Welcome to European Tribune. It's gone a bit quiet around here these days, but it's still going.
I don't think I've changed my position, in that I think that the fight against inflation is a good policy in general.

What I'm critiquing is the slow drift of the notion of inflation to focus almost exclusively on wage inflation, to the extent that all wage increases are bad (and not just, as theory would have it, increases that are higher than productivity increases and push the share of value going to labor higher), and the simultaneous abandonment of any worry about asset inflation. This has been less true of the ECB, which I expect will emerge out of this mess with its reputation enhanced, both for a pragmatic policy in the past few years, and for its no-nonsense response to the current crisis.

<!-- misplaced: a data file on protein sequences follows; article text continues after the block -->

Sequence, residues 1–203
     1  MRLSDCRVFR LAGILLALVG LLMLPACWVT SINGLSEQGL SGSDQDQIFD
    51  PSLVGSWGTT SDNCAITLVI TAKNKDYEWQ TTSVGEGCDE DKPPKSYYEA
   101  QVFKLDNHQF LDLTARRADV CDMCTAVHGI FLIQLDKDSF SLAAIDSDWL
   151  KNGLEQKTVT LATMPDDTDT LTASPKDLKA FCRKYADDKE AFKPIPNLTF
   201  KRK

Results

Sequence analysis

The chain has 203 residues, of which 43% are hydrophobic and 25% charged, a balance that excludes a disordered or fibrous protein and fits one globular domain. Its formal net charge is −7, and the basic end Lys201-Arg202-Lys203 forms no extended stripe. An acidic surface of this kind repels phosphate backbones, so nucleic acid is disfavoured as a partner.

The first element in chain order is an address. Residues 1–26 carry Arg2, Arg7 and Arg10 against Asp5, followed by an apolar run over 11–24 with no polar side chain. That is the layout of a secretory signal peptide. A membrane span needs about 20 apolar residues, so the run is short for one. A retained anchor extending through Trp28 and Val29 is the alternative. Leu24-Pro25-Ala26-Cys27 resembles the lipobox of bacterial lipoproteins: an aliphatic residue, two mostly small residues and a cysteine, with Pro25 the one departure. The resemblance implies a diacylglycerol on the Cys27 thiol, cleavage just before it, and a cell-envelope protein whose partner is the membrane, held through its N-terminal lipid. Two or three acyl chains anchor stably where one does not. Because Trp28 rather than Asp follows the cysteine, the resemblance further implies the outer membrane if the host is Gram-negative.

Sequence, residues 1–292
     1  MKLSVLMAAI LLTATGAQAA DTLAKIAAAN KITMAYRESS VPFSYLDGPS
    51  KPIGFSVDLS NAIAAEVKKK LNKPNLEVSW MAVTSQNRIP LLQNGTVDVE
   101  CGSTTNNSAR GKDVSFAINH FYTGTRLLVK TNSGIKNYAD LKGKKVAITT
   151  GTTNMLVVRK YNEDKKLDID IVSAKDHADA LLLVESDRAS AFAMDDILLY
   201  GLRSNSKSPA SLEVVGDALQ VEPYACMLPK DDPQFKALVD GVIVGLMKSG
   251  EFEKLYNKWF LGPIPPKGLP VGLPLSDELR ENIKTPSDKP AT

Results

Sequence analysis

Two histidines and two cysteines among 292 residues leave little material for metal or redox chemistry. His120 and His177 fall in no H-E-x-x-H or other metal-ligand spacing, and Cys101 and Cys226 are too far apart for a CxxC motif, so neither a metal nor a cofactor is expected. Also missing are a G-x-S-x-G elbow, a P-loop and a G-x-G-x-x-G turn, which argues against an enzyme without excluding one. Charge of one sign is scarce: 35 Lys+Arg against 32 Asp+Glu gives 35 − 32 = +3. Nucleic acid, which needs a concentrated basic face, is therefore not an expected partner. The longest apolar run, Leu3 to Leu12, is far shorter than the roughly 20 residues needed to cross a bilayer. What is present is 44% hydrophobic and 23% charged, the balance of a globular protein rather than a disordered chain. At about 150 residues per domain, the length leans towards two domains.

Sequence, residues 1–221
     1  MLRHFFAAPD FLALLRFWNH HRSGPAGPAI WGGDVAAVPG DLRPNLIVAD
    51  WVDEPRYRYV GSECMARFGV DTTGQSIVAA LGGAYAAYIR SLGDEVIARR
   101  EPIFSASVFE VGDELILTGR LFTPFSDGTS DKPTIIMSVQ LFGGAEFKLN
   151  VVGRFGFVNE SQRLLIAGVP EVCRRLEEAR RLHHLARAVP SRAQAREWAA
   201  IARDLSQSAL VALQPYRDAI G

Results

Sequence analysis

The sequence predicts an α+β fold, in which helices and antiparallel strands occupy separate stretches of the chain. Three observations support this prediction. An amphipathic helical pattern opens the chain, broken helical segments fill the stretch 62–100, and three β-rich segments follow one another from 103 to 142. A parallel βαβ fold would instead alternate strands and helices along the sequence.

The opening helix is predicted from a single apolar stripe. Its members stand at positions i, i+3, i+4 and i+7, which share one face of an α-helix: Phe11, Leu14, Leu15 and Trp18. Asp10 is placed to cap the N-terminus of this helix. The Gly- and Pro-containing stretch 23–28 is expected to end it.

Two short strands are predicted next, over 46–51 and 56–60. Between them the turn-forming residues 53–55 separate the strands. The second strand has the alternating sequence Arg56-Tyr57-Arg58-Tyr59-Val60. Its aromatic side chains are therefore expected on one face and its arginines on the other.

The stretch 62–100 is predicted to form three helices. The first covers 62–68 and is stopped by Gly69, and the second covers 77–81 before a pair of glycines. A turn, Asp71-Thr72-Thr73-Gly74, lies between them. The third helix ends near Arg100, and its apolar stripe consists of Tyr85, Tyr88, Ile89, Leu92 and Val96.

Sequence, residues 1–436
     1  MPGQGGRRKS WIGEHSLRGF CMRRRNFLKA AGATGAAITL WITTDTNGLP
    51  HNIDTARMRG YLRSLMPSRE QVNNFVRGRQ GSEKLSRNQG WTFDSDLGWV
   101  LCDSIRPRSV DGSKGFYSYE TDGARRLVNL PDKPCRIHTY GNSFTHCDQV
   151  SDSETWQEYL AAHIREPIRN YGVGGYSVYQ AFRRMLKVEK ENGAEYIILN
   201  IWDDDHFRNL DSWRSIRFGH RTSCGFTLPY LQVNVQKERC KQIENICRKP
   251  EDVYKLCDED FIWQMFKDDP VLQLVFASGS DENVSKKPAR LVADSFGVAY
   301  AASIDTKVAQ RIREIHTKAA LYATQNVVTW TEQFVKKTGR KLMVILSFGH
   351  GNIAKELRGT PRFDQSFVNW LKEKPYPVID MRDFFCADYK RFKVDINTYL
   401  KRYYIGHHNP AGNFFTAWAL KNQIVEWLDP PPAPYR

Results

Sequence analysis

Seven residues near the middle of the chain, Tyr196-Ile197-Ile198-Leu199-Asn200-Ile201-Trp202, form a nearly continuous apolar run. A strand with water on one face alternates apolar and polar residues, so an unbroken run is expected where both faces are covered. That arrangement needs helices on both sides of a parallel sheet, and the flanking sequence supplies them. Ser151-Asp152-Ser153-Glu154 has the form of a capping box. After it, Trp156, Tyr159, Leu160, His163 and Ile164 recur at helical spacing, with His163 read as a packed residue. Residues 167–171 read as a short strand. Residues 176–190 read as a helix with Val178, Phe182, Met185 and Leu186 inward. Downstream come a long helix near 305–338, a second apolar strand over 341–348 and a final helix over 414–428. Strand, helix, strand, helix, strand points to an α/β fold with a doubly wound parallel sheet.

In the long run, we're all dead. John Maynard Keynes

by Jerome a Paris (etg@eurotrib.com) on Wed Dec 12th, 2007 at 12:36:01 PM EST
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If costs remain the same, and a company finds it is able to increase prices because of increased demand, or decreased competition, then isn't that de facto "inflation"?

In other words isn't profit - virtually by definition -  the principal direct "cause" of inflation?

"The future is already here -- it's just not very evenly distributed" William Gibson

by ChrisCook (cojockathotmaildotcom) on Wed Dec 12th, 2007 at 03:41:51 PM EST
[ Parent ]


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